_________________
"Method goes far to prevent trouble in business: for it makes the task easy, hinders confusion, saves abundance of time, and instructs those that have business depending, both what to do and what to hope."
William Penn 1644-1718
Back to top
View user's profile Send e-mail
UKVIKING
Senior Itiler


Joined: Sep 16, 2006
Posts: 3307
Location: London, UK

PostPosted: Mon Apr 06, 2009 5:44 pm    Post subject: Reply with quote

Alessi

As Diarmid said it succiently, I wont add to what he said. I will add to your confusion instead

You have lies, damn lies and Statistics

MTTF - mean time between failures
MTTR - mean time to repair

these are fairly easy to calculate

Server 01 went down at 11;34 GMT on March 11 2009
Server 01 was back up at 13:47 GMT on March 11, 2009

The server had been installed on March 1, 2009 at 11:30. The MTTF would 10 days 4 minutes. MTTR would 2 hours 13 minutes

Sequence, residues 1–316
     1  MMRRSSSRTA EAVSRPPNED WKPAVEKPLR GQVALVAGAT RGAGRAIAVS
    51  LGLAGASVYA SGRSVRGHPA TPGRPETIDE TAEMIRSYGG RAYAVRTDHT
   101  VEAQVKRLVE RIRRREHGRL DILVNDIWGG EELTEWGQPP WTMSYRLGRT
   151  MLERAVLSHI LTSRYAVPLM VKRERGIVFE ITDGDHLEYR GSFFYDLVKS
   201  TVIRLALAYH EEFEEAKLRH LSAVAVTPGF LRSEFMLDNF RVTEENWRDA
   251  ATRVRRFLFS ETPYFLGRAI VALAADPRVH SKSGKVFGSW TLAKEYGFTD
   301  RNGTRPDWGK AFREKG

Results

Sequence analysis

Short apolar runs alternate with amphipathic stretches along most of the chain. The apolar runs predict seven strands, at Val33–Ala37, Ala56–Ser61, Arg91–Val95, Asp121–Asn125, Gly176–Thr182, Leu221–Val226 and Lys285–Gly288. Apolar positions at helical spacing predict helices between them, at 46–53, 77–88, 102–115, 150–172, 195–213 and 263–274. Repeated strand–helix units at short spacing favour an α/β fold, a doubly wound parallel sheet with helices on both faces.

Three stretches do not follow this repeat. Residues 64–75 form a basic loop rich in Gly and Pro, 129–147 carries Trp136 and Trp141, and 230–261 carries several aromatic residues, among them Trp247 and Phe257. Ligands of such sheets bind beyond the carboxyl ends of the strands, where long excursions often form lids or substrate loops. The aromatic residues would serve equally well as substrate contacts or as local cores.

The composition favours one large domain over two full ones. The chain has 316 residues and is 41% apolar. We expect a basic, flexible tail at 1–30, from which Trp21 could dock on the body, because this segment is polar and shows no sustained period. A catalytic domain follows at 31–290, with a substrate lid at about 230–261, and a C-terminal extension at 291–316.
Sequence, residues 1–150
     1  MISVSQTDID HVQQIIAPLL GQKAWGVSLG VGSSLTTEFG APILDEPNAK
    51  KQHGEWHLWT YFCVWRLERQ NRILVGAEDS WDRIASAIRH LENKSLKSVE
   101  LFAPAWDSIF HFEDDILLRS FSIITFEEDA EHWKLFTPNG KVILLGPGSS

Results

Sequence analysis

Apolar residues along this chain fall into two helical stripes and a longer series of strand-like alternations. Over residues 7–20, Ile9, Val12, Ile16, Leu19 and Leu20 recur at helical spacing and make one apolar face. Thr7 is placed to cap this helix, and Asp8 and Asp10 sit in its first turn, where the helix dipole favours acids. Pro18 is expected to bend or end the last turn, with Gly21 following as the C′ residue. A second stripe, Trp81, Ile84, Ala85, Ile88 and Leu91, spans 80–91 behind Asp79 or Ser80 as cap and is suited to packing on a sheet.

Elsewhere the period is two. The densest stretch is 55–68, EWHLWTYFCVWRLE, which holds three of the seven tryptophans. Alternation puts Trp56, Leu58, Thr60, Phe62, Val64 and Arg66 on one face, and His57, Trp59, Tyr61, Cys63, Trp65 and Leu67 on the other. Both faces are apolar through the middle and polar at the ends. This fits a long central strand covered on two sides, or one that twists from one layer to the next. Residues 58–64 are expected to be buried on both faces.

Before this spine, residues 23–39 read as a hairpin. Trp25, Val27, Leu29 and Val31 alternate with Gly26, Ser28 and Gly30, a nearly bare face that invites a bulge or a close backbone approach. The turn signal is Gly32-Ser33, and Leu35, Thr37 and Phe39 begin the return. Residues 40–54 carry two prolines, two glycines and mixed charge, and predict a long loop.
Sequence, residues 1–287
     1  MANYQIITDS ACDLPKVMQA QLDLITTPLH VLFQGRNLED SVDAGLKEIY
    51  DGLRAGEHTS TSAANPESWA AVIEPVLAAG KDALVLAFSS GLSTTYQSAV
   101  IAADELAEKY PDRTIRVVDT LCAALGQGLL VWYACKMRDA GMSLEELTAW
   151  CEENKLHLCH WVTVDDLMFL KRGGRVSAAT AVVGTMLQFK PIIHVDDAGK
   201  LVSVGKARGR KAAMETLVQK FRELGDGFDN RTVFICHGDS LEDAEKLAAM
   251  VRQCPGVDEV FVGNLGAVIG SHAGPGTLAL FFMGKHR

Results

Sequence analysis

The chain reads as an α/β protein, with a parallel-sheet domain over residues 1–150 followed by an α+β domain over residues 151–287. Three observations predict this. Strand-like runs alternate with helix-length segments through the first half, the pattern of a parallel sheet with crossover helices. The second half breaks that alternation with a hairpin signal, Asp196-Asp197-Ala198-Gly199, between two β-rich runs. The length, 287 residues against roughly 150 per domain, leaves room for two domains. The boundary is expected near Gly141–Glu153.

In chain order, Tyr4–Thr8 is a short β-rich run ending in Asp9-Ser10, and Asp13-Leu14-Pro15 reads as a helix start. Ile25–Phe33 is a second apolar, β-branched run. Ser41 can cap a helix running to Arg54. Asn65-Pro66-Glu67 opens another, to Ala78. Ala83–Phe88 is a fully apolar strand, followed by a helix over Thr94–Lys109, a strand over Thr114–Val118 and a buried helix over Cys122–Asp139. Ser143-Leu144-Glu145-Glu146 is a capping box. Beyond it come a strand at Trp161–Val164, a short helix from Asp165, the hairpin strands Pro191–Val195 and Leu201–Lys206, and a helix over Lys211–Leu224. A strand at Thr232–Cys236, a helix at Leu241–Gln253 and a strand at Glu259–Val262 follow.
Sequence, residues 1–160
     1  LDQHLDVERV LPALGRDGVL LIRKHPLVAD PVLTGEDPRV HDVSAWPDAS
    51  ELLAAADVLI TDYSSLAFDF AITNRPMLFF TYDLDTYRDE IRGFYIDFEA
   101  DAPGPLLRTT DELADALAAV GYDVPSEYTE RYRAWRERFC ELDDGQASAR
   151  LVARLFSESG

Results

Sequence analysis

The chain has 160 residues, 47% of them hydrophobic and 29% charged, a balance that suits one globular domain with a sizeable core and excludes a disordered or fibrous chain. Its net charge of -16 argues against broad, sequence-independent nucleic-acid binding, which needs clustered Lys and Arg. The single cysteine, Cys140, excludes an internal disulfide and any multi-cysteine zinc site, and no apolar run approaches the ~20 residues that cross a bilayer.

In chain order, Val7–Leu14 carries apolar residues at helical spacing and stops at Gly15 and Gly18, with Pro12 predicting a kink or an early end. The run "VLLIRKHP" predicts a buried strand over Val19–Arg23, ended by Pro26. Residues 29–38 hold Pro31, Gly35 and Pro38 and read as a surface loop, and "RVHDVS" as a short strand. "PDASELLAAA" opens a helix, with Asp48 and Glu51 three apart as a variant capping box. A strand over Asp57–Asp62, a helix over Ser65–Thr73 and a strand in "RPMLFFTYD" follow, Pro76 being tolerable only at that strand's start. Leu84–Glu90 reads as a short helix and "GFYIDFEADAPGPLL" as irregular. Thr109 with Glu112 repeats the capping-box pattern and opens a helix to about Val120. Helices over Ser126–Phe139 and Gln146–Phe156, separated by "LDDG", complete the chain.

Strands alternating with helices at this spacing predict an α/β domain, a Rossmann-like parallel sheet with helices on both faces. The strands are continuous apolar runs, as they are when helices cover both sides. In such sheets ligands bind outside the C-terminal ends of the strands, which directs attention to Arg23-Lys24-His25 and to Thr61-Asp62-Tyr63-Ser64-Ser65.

The hard part is as follows

The server in question is the application front end (Single point of failure) for 500 customers.

The server down at 1134. Customers called at 11:45 complaining that the website is down. The SD created a ticket when the first customer called. The server outage is escalated to the right group who fix it and bring the server up at 1347. The application on the server starts at 1350

When the SD complies the outage,.... what is the duration calculated from

NMS down / up time for the server
Service up / down time (from logs in the seerver)
Ticket open / ticket close

?

The answer tomorrow
_________________
John Hardesty
ITSM Manager's Certificate (Red Badge)

Change Management is POWER & CONTROL. /....evil laughter
Back to top
View user's profile
alessi
Newbie
Newbie


Joined: Apr 03, 2009